for an explanation, word, anything that could describe
... and then he got it. Of course. "Vadim suffers
from Post Traumatic Stress Disorder. He was a Prisoner
of War." Slight lie, a white one. "Something
happened at the conference we spoke at, something which
triggered the trauma. Please, I need to get Vadim to
..." and he knew, all of a sudden, "his therapist.
Dr Williams. Please let me call him. Please." He
had never in his life begged like this, and couldn't
have done it for himself.
policemen talked among themselves, while Vadim sat silent,
staring ahead, not reacting to anything, not even when
Dan asked him quietly what had happened, the mobile
phone in hand. He had Dr William's number, and there
was nothing else he could think of to do. The police
officers continued to debate, one seemed to be reluctant,
but at some point, the first man nodded and stepped
back to talk to a witness. "Well, senor, it depends
on whether they will press charges. We need your details,
and you will likely have to compensate."
course. I understand, but may we leave the country?"
Glancing towards the airline personnel, he wasn't even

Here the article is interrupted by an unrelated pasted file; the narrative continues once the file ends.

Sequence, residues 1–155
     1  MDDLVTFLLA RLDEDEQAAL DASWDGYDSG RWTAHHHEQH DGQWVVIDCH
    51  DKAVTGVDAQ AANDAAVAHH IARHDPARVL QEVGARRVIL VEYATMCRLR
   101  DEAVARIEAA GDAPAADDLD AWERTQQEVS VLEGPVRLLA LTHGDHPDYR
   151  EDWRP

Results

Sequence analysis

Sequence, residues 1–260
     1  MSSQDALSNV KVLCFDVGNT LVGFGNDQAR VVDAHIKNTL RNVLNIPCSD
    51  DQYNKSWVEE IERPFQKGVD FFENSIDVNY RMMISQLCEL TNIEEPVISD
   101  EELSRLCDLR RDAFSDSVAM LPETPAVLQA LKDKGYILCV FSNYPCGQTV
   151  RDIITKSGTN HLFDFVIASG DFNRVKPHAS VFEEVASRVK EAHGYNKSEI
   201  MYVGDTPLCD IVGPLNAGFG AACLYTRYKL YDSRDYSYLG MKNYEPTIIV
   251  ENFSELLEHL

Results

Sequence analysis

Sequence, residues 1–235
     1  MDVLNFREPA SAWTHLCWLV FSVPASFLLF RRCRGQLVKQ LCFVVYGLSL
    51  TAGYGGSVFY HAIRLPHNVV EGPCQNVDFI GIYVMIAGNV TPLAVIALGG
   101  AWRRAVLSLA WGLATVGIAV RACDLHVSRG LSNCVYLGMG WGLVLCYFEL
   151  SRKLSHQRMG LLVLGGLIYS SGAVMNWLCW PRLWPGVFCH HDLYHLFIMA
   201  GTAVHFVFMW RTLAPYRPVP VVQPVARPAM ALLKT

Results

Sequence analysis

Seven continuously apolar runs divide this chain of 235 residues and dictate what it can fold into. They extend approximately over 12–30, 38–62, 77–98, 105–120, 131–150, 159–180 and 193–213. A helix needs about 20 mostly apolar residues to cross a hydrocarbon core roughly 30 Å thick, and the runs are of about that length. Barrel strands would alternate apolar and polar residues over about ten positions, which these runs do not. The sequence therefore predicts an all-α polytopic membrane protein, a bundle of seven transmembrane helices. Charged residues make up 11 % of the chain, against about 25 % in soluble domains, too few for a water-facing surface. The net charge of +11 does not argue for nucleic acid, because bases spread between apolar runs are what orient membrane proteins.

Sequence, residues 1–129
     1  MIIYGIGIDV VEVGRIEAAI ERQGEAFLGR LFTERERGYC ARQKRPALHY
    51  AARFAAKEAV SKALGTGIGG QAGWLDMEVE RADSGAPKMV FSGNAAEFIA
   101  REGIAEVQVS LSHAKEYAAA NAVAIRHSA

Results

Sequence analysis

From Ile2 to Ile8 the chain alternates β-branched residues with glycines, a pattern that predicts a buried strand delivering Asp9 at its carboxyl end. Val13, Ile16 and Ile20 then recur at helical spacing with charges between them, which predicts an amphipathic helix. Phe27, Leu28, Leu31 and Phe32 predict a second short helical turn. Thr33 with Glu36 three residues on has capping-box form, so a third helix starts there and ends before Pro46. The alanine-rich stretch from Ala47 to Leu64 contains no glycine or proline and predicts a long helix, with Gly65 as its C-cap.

sure how to get Vadim onto the plane after this serious
is likely you will be banned from using this airline,"
the cop said, helpfully. "Could I have your passports,
of course." Fuck. But the inconvenience paled in
comparison to the magnitude of what had happened. Konstantinov.
He wouldn't let that bastard win. He just wouldn't.
He'd never gone down without a fight and he wouldn't
this time either. "Vadim, where did you put the
passports?" It had always been Vadim to take care
of such things.
patted the inside of his jacket and pulled them out.
"I'm sorry", he murmured, seemed far calmer
now, more there.
okay, it's not your fault." Dan said quietly, "but
you have to tell me what happened." Holding the
passports out to the cops.
must have fallen asleep. I don't remember. Just ...
wanted to kill." He shuddered, but kept his voice